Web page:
res[:iter_b_a] << [e, f]
    end

    res[:iter_b_a].should == [
      ['a', 1],
      ['b', 2],
      ['c', 3],
      ['d', nil],
    ]

  end

  it 'should return enumerators if no block is applied' do
  end
end
Source (show)
def iterate(*params)
  # params.shift.zip(*params).each{ |*elements| yield *elements }

  first = params.shift
  if params.empty? # single param - like each
    if block_given?
      first.map{|e| yield e }
    else
      first.map
    end
  else
    padded_first = Array.new( [first, *params].max_by(&:size).size ){|i| first[i] } # append nils
    obj = padded_first.zip *params
    if block_given?
      obj.map{|es| yield *es }
    else
      obj.map.to_enum
    end
  end
end

# J-_-L
Compatibility 1.9, 1.8
Discussion github wiki

ivars

Summary This method lets you easily assign lots of instance variables.
Why? Often, you have to write boilerplate code for assigning instance varialbles, for example this one:
def initialize(variable1, variable2)
  @variable1, @variable2 = variable1, variable2
end

Methods/Usage
instance_variables_from, ivars
def a_method(a = 1, b = 2)
  instance_variables_from binding # assigns @a and @b

  params = {:c => 3, :d => 4}
  instance_variables_from params # # assigns @c and @d
end
Specification (show)
require 'zucker/ivars'

describe 'instance_variables_from' do
  it 'should tansform the given parameter to instance variables' do
    def a_method(a = 1, b = 2)
      instance_variables_from binding # assigns @a and @b

      params = {:c => 3, :d => 4}
      ivars params # # assigns @c and @d
    end

    a_method
    @a.should == 1
    @b.should == 2
    @c.should == 3
    @d.should == 4

  end
end
Source (show)
def instance_variables_from(obj, *only)
  iter =
  if    obj.is_a? Binding
    obj.eval('local_variables').map{|e| [obj.eval("#{e}"), e] }
  elsif obj.is_a? Hash
    obj.map{|k,v| [v,k] }
  else
#  elsif obj.is_a? Enumerable
    obj.each.with_index
  end

  ret = []
  iter.each{ |value, arg|
    arg = arg.to_s
    if only.include?(arg) || only.include?(arg.to_sym) || only.empty?
      arg = '_' + arg  if (48..57).member? arg.unpack('C')[0]  # 1.8+1.9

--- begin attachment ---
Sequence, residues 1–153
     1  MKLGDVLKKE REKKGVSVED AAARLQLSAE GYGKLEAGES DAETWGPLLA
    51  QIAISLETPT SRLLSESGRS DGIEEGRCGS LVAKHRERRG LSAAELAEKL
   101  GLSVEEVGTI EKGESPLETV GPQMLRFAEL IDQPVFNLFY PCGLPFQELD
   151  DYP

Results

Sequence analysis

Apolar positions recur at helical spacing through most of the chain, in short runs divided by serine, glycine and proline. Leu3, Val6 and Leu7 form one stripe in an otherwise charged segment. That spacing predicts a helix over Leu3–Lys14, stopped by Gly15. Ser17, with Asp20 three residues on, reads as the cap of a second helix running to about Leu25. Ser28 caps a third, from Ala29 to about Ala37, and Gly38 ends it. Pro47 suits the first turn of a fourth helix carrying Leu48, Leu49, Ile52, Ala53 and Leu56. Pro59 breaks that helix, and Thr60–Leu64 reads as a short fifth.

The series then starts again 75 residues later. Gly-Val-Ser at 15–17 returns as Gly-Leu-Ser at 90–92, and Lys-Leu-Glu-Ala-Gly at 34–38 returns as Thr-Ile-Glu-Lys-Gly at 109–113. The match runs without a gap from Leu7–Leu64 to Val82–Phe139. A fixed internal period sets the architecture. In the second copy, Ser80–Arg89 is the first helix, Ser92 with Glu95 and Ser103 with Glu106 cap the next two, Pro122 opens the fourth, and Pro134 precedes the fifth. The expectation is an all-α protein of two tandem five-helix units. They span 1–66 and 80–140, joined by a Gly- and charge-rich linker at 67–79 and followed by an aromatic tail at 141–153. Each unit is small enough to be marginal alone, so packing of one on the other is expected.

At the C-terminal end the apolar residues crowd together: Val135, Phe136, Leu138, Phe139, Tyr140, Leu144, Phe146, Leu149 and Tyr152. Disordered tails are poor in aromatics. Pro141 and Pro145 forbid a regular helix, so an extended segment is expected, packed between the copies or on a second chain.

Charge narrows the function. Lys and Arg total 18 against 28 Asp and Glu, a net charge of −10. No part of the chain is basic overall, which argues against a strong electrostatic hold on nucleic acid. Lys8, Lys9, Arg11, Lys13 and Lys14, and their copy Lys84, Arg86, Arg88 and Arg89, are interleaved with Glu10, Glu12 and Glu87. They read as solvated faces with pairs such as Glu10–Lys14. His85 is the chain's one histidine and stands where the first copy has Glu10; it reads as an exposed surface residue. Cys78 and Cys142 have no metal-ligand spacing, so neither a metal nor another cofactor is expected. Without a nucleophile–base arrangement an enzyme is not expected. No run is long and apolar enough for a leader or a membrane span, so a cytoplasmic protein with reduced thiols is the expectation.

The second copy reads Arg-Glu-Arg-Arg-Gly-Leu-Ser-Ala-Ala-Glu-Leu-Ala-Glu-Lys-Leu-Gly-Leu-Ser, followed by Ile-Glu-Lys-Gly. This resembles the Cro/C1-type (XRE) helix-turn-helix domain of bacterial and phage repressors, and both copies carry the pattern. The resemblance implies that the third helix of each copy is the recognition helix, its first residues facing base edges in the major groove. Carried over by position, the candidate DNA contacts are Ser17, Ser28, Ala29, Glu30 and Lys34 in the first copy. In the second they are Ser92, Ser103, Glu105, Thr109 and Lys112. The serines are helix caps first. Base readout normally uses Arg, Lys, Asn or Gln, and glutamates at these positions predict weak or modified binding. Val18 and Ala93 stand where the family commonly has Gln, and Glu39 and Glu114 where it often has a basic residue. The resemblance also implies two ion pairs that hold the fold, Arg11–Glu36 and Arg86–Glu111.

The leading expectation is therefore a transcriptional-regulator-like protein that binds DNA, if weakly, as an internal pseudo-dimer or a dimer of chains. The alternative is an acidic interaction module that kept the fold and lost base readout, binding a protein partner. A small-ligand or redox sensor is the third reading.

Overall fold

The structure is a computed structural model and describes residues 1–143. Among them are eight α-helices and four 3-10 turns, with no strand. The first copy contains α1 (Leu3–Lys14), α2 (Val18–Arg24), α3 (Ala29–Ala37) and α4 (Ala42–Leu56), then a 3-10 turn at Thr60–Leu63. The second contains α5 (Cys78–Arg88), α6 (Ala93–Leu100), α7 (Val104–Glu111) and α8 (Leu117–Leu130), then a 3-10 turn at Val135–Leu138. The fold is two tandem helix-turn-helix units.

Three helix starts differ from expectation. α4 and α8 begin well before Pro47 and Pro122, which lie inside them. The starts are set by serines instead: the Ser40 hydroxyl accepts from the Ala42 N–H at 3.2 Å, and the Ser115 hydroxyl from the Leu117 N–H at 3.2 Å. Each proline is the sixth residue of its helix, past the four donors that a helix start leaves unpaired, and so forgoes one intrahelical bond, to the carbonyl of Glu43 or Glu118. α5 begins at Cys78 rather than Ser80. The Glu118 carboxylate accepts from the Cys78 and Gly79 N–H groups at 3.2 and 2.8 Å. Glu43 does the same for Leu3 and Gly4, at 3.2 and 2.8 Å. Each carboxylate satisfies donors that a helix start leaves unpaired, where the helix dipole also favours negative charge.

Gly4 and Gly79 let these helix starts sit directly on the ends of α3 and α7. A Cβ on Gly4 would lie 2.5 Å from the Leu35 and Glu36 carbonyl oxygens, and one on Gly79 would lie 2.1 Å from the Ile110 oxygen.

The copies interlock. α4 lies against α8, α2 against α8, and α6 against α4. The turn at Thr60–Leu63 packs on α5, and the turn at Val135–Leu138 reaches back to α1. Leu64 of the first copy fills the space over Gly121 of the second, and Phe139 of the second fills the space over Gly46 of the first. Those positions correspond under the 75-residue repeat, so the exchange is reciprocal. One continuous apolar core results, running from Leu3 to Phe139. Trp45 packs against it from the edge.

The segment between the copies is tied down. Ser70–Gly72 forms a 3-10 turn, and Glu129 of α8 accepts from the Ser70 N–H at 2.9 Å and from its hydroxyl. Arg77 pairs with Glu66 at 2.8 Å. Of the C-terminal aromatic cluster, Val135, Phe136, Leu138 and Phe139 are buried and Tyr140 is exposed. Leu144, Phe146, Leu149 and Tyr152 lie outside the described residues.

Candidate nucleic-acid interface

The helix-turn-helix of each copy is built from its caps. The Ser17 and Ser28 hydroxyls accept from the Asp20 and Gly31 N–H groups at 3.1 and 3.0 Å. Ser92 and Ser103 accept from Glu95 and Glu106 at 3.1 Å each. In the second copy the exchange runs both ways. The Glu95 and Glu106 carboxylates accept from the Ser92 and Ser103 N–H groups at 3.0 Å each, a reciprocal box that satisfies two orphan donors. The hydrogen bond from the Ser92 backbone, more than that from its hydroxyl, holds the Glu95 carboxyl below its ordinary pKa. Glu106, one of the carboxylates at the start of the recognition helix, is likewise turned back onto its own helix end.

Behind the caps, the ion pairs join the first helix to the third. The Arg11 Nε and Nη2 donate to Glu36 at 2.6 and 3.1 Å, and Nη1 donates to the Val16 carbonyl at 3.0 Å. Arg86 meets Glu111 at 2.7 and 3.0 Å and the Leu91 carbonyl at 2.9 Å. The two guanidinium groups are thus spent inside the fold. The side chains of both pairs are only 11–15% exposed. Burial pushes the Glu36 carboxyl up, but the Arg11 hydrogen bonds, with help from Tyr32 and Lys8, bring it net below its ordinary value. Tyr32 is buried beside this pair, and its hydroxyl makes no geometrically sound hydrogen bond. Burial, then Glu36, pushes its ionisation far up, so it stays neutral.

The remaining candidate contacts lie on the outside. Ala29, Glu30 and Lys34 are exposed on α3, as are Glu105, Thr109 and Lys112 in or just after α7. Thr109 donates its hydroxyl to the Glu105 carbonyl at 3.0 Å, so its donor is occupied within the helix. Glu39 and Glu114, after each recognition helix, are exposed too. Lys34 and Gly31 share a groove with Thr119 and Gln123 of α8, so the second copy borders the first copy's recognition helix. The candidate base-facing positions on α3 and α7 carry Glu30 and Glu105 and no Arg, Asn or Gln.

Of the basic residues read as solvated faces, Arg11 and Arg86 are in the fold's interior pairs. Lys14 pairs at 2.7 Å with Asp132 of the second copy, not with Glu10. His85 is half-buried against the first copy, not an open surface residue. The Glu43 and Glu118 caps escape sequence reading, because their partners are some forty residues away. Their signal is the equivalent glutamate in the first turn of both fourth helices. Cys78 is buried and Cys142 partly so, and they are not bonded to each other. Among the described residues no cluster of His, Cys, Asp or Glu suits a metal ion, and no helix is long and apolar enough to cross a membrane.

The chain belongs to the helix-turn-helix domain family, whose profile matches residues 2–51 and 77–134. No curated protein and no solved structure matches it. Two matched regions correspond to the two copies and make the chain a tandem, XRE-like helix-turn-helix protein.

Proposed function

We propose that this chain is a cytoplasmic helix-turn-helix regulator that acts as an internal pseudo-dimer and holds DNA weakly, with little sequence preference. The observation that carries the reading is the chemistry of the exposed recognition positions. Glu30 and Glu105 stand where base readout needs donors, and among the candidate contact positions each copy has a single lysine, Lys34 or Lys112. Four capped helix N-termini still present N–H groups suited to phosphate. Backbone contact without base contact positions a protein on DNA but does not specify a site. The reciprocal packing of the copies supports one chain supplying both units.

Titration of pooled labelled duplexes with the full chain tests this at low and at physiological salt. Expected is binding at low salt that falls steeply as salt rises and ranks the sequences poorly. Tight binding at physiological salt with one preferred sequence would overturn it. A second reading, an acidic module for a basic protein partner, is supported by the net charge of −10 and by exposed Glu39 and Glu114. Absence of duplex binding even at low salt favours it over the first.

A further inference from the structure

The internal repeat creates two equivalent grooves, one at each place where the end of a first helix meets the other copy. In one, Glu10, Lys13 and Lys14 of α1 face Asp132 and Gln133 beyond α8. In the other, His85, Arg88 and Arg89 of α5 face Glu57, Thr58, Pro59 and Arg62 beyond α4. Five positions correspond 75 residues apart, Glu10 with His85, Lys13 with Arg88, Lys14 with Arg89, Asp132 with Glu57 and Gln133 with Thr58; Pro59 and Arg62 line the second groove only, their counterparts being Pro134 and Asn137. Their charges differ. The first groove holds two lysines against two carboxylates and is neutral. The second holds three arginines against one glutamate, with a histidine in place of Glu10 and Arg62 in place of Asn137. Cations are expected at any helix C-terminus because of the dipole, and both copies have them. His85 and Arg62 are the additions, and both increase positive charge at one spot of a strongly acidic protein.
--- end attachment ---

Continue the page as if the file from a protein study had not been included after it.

ret << ivar = :"@#{arg}"
      self.instance_variable_set ivar, value
    end
  }
  ret
end
alias ivars instance_variables_from

# J-_-L
Compatibility 1.9, 1.8
Discussion github wiki

kernel

Summary Some useful general shortcut methods.
Why? Readability.
Methods/Usage
activate_warnings!
activate_warnings! # sets $VERBOSE to 1
deactivate_warnings!
deactivate_warnings! # sets $VERBOSE to 0
executed_directly?, standalone?
executed_directly? # checks, if the current file is run directly -> true
library?
library? # checks, if the current file is run directly -> false
ignore_sigint!
ignore_sigint! # blocks CTRL+C
ruby_1_8?
ruby_1_8? # returns true for 1.8.x
ruby_1_9?
ruby_1_9? # returns true for 1.9.x
ruby_1_8!, ruby_1_9!
# raises a NotImplementedError if not executed with the right ruby version
Specification (show)
require 'zucker/kernel'

describe 'activate_warnings!' do
  it 'should set $VERBOSE to true' do
    activate_warnings!
    $VERBOSE.should == true
  end
end

describe 'deactivate_warnings!' do
  it 'should set $VERBOSE to false' do
    deactivate_warnings!
    $VERBOSE.should == false
  end
end

describe 'library?' do
  it 'should return false if the file is invoked directly' do
    library?.should == ( __FILE__ != $PROGRAM_NAME )
  end
end

describe 'executed_directly?' do
  it 'should return true if the file is invoked directly' do
    executed_directly?.should == ( __FILE__ == $PROGRAM_NAME )
  end
end

describe 'ignore_sigint!' do
  it 'should catch ctrl+c signals' do
    # ...
  end
end

describe 'ruby_1_8? and ruby_1_9?' do
  it 'should return true if run with the right ruby version' do
    # ...
  end
end

describe 'ruby_1_8! and ruby_1_9!' do
  it 'should throw a NotImplementedError if run with the wrong ruby version' do
    # ...
  end
end
Source (show)
module Kernel
  def activate_warnings!
    $VERBOSE = true
  end
  
  def deactivate_warnings!
    $VERBOSE = false
  end
  
  def library?
    __FILE__ != $PROGRAM_NAME
  end
  
  def executed_directly?
    __FILE__ == $PROGRAM_NAME
  end
  alias standalone? executed_directly?
  
  def ignore_sigint! # ctrl+c